New York State IPM Program

May 20, 2015
by Matt Frye
Comments Off on Inside-Outs of Dermestid Beetles

Inside-Outs of Dermestid Beetles

After a long, cold winter it seems we skipped spring and jumped into summer! The days are growing longer and May’s flowers are in full bloom. Concurrent with this change in seasons is a programmed response of many insects to emerge from overwintering and start their annual cycle. In some cases, these insects have spent the winter inside buildings and homes, and are now trying to get out!


Dermestid beetle larvae. Photo by Joseph Burger,

Overwintering insects such as the brown marmorated stink bug, boxelder bug, and ladybird beetles (ladybugs) are notorious for their emergence within homes in the spring. Meanwhile, a small colorful beetle that develops in homes year-round goes largely undetected. Dermestid beetles, such as the varied carpet beetle, develop as larvae on a tremendous variety of food sources. As pantry pests, dermestid larvae may feed on spices, grains and other dried food items. As fabric pests, they may feed on natural animal fibers such as wool, cashmere, silk and leather. As decomposers, they may feed on human and pet dander, or even dead insects and animals within the walls.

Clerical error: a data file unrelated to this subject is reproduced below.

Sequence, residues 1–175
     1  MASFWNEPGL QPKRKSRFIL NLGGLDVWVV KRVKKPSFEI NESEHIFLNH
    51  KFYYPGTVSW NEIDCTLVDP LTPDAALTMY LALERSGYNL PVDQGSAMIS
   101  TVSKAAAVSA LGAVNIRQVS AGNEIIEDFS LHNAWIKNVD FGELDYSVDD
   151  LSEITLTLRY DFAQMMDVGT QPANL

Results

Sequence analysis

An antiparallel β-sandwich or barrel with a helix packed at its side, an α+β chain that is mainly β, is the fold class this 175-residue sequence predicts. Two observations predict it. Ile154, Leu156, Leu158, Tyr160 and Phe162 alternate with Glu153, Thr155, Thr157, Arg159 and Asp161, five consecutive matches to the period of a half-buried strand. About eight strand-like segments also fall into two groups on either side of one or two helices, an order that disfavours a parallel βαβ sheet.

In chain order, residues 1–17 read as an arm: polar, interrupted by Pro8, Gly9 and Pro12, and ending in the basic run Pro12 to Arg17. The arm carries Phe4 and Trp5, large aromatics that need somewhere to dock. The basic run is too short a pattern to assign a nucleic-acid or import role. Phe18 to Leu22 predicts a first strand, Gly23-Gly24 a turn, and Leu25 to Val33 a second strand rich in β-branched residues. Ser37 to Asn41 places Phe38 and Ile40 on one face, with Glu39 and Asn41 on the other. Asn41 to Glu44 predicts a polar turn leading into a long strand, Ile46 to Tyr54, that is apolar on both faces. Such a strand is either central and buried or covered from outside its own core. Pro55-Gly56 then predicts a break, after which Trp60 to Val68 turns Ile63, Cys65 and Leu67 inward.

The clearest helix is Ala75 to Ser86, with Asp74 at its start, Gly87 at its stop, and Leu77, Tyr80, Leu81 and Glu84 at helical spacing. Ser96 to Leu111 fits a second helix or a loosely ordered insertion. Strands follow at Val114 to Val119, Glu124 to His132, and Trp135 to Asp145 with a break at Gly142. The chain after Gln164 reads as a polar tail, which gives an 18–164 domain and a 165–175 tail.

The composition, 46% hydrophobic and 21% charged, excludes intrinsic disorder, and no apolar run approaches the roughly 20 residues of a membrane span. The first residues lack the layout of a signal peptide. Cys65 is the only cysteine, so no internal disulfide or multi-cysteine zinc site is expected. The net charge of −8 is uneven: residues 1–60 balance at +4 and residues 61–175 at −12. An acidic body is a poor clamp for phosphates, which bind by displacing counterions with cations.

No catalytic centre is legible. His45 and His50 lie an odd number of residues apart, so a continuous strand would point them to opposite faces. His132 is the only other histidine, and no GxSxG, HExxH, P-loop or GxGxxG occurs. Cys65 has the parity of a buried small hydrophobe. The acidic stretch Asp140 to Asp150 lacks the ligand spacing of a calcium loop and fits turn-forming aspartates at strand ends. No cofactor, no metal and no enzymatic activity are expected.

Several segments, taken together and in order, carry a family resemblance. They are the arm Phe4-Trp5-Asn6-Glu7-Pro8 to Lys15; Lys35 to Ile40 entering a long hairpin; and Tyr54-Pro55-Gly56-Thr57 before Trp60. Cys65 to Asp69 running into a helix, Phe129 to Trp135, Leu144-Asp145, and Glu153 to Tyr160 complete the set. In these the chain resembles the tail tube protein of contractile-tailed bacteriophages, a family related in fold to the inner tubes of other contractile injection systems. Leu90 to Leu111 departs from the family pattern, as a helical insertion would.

Adult beetles may go undetected because of their small size.

Adult dermestid beetles are much more refined in their food preferences. In the spring, adults may be observed on walls or windowsills attempting to get outside to feed on pollen from those flowers that are just starting to pop. Once they have fed and reproduced, beetles are attracted to come back indoors and lay eggs near food sources.


Adult dermestid beetles are approximately 2-4 mm long (seen here next to a quarter)

If you find dermestid beetles in your home, consider revisiting your spring-cleaning! Vacuum to remove dust, dander and food spillage, especially in rooms where you see beetles. Focus on those out of sight, out of mind places such as under furniture and in corners. During the summer when windows are open, make sure that screens fit snugly in the window frame and that no tears are present. This will prevent dermestid beetles from entering the home to lay eggs.

For additional information, see our What’s Bugging You? page.

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